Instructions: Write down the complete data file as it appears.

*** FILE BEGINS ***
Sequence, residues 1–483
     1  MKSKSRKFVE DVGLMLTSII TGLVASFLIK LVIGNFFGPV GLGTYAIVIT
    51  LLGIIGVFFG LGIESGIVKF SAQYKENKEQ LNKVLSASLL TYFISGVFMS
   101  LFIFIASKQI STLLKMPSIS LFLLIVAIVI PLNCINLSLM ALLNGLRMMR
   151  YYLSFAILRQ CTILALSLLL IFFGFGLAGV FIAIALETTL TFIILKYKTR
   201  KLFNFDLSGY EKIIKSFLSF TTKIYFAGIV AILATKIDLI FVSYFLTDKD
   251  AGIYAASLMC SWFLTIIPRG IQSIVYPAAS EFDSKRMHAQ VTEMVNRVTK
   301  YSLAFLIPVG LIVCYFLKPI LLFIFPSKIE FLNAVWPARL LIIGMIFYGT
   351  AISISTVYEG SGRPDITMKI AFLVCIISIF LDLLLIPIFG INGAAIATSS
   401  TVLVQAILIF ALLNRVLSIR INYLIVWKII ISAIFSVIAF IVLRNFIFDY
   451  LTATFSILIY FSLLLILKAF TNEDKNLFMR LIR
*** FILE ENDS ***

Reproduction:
Sequence, residues 1–483
     1  MKSKSRKFVE DVGLMLTSII TGLVASFLIK LVIGNFFGPV GLGTYAIVIT
    51  LLGIIGVFFG LGIESGIVKF SAQYKENKEQ LNKVLSASLL TYFISGVFMS
   101  LFIFIASKQI STLLKMPSIS LFLLIVAIVI PLNCINLSLM ALLNGLRMMR
   151  YYLSFAILRQ CTILALSLLL IFFGFGLAGV FIAIALETTL TFIILKYKTR
   201  KLFNFDLSGY EKIIKSFLSF TTKIYFAGIV AILATKIDLI FVSYFLTDKD
   251  AGIYAASLMC SWFLTIIPRG IQSIVYPAAS EFDSKRMHAQ VTEMVNRVTK
   301  YSLAFLIPVG LIVCYFLKPI LLFIFPSKIE FLNAVWPARL LIIGMIFYGT
   351  AISISTVYEG SGRPDITMKI AFLVCIISIF LDLLLIPIFG INGAAIATSS
   401  TVLVQAILIF ALLNRVLSIR INYLIVWKII ISAIFSVIAF IVLRNFIFDY
   451  LTATFSILIY FSLLLILKAF TNEDKNLFMR LIR